Self-harm within inpatient psychiatric services: most episodes are among women, involve breaking the skin and take place in private
- Director, VA National Center for Patient Safety Field Office, White River Junction, Vermont, USA and Adjunct Associate Professor of Psychiatry, The Geisel School of Medicine at Dartmouth, Hanover, NH, USA
- Correspondence to
: Dr Peter D Mills
VA National Center for Patient Safety, VAMC (10A 4E), 215 North Main Street, White River Junction, VT 05055, USA;
Implications for practice and research
Focusing on the method, antecedents and level of openness of self-harm can inform clinicians and researchers about the possible motivators and goals of the behaviour and lead to a more clear understanding of possible interventions.
The majority of self-harm does not appear to represent an attempt to manipulate others or gain their attention; rather it is more often a private act with other internal motivations.
More research is needed to determine the most effective interventions for different types of self-harm in the inpatient setting. Targeted intervention for specific types of self-harm may be a more effective methodology.
In this important study, the authors differentiate between self-harm and attempted suicide and consider the characteristics of self-harm that do not represent an attempt or intent to die. While other studies have looked at inpatient suicide attempts and completions,1 ,2 this is the first to focus solely on inpatient self-harm in a national healthcare system.
The authors analysed reports of self-harm from inpatient psychiatric patients in the UK during 2009. They randomly selected 500 cases from 14 271 reports in the National Patient Safety Agency database. Cases were coded for ‘openness’ or level of privacy during the self-harm, demographic characteristics, type of psychiatric service, severity of harm, method of harm, location, object-use and timing of the action. Associations between variables were analysed using conservative and appropriate statistical methods to determine where possible relationships exist.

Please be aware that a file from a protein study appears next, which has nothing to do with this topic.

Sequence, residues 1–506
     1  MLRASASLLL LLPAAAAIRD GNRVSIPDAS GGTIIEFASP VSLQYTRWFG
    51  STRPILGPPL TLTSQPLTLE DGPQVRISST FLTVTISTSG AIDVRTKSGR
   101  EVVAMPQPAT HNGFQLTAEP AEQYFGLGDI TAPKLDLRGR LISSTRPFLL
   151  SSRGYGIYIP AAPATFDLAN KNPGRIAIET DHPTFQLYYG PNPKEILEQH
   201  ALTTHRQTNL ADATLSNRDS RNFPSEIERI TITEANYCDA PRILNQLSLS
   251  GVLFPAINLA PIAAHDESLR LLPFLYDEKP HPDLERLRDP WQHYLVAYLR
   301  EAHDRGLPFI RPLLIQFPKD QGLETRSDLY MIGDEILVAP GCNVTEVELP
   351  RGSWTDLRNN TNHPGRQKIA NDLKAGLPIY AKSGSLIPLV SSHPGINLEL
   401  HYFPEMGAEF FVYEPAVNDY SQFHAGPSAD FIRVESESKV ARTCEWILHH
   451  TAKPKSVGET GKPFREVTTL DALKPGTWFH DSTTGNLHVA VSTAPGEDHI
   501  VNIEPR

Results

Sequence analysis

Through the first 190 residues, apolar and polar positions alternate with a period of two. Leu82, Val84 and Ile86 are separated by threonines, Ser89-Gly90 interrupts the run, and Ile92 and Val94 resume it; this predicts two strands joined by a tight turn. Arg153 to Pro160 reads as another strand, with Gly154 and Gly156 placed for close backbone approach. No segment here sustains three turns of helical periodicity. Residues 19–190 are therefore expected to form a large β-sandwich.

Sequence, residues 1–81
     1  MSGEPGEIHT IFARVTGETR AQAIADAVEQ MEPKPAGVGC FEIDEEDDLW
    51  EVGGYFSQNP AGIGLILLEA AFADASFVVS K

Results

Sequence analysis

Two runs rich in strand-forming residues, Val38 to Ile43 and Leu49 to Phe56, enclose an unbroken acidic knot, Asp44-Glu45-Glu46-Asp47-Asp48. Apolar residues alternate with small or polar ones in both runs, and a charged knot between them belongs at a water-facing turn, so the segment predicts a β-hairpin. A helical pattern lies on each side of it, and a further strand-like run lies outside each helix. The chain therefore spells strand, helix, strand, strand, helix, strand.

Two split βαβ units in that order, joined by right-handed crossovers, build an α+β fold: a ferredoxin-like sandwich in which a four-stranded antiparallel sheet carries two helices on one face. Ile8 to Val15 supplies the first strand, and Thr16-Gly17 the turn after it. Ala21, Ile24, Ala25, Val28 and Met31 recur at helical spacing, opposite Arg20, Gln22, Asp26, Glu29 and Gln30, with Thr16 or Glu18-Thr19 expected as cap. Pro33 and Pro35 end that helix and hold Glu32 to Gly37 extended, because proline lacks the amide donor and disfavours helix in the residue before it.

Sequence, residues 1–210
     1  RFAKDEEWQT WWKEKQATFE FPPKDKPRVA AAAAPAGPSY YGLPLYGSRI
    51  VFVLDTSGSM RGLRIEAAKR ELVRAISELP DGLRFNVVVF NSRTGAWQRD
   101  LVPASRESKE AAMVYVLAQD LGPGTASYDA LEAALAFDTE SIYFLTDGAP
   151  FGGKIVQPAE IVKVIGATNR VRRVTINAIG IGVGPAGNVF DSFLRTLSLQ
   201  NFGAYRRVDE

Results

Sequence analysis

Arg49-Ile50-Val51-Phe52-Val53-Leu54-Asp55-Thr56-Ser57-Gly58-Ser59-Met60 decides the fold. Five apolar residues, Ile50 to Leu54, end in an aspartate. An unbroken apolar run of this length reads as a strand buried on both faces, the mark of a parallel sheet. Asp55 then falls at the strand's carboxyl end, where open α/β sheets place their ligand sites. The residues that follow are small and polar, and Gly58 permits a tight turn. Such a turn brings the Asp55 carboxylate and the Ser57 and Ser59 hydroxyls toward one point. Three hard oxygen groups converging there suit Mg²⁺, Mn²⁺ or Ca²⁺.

This study makes several important points. Most patients in inpatient psychiatric care conduct self-harming behaviours in private. The method of self-harm is associated with the level of privacy and may be motivated by different goals such as the alleviation of dissociative states or distraction from painful emotions. In addition, forensic units had higher rates of self-harm that were more public in nature. Women had three times more episodes of self-harm than men; men used methods that were more open and aggressive.
Self-harm or ‘parasuicide’ has been the subject of research since the mid-1970s. As the authors point out, non-suicidal self-harm is often seen as manipulative or attention-seeking by staff. This perception can lead staff to have a negative attitude towards patients who self-harm. In fact, one of the primary foci of the most empirically supported treatment for self-harm, dialectical behavioural therapy,3 is helping therapists to remain emphatic and supportive of their patients. It is helpful, therefore, that the current study finds that most self-harm occurs in private with little attempt to influence or manipulate others. In our study of the physical locations in which patients tend to harm themselves, we also found that the most common areas on mental health units are bedrooms and bathrooms4 suggesting that patients are conducting self-harm in private. The privacy may be an artefact of avoiding discovery, but the primary reason for conducting the self-harm in the first place appears to be a response to internal needs and/or mood states.
Although it makes sense that staff may feel manipulated by patients who self-harm, it is important to find the true reasons for the behaviour to help patients find other methods of meeting their needs. In this study, the antecedents to the self-harm were reported in only 24% of the cases but the results support the idea that the self-harm was a response to internal stimuli such as difficult emotions or hallucinations or frustration resulting from negative interpersonal interactions. Another important finding is that it is possible to distinguish self-harm that is more open and public from self-harm that is private. Making this distinction in a clinical setting will help staff to form more nuanced and targeted responses to patients in order to help them heal. More research is need to determine the best clinical responses to open versus private self-harm in the inpatient setting, and using the scale developed by the authors will further this endeavour.